The anterior border of the fibula divides inferiorly into two ridges which enclose between them a subcutaneous triangular surface (fig. 477). The anterior intermuscular septum of the leg is attached to its upper three-fourths, and the lateral extremity of the superior extensor retinaculum (transverse ligament of the leg) to the lower part of the anterior border of the triangular area. The lower part of the posterior margin of the triangular area gives attachment to the lateral extremity of the superior peroneal retinaculum. The interosseous border terminates below at the upper extremity of the roughened area for the attachment of the tibiofibular interosseous ligament. It provides attachment for the interosseous membrane and, on account of the gap in the upper part of the membrane for the transmission of the anterior tibial vessels, does not reach so high as the head of the bone. The posterior border is not always recognizable at its upper end; below it becomes continuous with the medial border of the groove on the back of the lateral malleolus. Except at its lower end it gives attachment to the posterior intermuscular septum of the leg. The medial crest of the bone is intimately related to the peroneal artery, and the nutrient foramen of the fibula is situated either on the crest or in its immediate vicinity near the middle of the shaft. It gives attachment to a layer of the deep fascia of the leg which separates the tibialis posterior from the flexor hallucis longus and the flexor digitorum longus muscles.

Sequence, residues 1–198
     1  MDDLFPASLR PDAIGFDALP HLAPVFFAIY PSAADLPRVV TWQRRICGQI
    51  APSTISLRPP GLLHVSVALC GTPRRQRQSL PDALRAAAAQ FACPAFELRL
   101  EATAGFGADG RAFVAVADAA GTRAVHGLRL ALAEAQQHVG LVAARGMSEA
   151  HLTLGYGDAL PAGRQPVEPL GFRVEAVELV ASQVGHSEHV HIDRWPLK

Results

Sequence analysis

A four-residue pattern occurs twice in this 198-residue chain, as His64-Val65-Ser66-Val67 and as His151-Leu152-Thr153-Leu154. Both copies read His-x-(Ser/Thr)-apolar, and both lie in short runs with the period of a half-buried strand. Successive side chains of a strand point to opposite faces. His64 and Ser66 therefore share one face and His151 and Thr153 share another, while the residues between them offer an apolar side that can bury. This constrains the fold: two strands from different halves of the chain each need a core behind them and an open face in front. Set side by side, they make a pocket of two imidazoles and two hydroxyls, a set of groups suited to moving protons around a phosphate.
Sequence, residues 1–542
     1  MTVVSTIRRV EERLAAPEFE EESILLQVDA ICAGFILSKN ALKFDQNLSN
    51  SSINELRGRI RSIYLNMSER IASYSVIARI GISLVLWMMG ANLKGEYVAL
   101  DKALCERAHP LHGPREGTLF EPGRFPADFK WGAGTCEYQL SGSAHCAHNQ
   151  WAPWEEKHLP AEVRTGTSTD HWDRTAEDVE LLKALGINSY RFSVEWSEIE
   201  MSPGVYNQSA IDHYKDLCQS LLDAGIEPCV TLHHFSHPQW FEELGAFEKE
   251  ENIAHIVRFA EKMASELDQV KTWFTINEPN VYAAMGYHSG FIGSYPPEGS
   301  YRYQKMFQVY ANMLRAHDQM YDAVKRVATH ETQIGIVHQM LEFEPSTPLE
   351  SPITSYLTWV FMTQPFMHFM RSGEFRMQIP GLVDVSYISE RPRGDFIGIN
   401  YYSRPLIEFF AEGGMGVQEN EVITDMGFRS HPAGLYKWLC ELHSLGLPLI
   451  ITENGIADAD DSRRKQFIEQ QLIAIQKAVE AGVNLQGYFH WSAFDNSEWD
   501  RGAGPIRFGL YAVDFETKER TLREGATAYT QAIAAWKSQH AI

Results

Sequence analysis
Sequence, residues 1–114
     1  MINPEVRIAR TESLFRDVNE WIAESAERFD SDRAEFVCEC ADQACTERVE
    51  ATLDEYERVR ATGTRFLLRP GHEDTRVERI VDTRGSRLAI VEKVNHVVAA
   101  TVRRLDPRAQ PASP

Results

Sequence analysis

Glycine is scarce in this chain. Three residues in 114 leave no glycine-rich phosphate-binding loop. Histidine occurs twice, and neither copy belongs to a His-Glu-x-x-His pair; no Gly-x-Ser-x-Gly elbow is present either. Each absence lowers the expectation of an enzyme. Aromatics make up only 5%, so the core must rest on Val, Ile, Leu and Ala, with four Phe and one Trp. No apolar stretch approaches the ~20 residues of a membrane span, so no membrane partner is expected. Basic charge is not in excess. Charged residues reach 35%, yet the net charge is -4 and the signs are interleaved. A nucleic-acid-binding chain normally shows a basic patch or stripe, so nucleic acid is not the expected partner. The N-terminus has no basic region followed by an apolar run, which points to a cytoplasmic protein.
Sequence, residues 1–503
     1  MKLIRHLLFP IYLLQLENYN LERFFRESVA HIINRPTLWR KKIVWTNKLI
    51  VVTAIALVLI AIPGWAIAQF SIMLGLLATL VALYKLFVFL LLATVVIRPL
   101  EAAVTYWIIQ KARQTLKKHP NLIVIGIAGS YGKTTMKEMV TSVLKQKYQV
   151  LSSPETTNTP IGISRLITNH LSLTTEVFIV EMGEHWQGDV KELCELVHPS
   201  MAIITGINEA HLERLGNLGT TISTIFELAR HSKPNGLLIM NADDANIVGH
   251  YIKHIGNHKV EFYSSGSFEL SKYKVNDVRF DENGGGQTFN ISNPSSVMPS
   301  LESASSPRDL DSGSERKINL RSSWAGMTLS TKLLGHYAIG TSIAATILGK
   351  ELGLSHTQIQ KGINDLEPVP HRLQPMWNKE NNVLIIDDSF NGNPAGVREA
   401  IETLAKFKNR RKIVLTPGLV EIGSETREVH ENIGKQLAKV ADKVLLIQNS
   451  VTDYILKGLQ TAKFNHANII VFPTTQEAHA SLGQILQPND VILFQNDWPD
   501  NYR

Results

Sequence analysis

The anterior surface of the fibula is often termed the extensor surface, for it gives origin to the extensor digitorum longus and the extensor hallucis longus in addition to the peroneus tertius. The extensor digitorum longus arises from the whole breadth of the upper fourth of the surface and from the anterior part of the succeeding two-fourths ; the extensor hallucis longus arises from its middle two-fourths behind the extensor digitorum longus ; the peroneus tertius arises from its lower fourth or more, and is directly continuous with the lower part of the extensor digitorum longus. The lateral surface is frequently termed the peroneal surface, because it gives origin to the peroneus longus and the peroneus brevis. The former arises from the whole extent of the upper third of the surface and from the posterior part of the middle third. The peroneus brevis arises in front of the lower half of the peroneus longus and extends downwards beyond it almost to the looter end of the bone. On account of the relative attachments of their fleshy bellies the tendon of the peroneus brevis is closely applied to the bone below and separates it from the tendon of the peroneus longus. The posterior surface, which is divided longitudinally into two parts by the medial crest, is often termed the flexor surface. The portion which lies between the crest and the interosseous border is slightly hollowed out and gives origin to the tibialis posterior; it is often crossed by an oblique ridge, which corresponds to the attachment of an intramuscular tendon. This part of the surface is usually confined to the tipper three-fourths of the shaft, and at its lower end the medial crest becomes confluent with the interosseous border. The portion of the posterior surface which lies between the medial crest and the posterior border gives origin in its upper fourth to the soleus, which extends upwards on to the posterior aspect of the head ; near the upper end of the medial part of this origin a roughened tubercle marks the lateral end of the tendinous arch which is thrown across the posterior tibial vessels and nerve by the soleus muscle.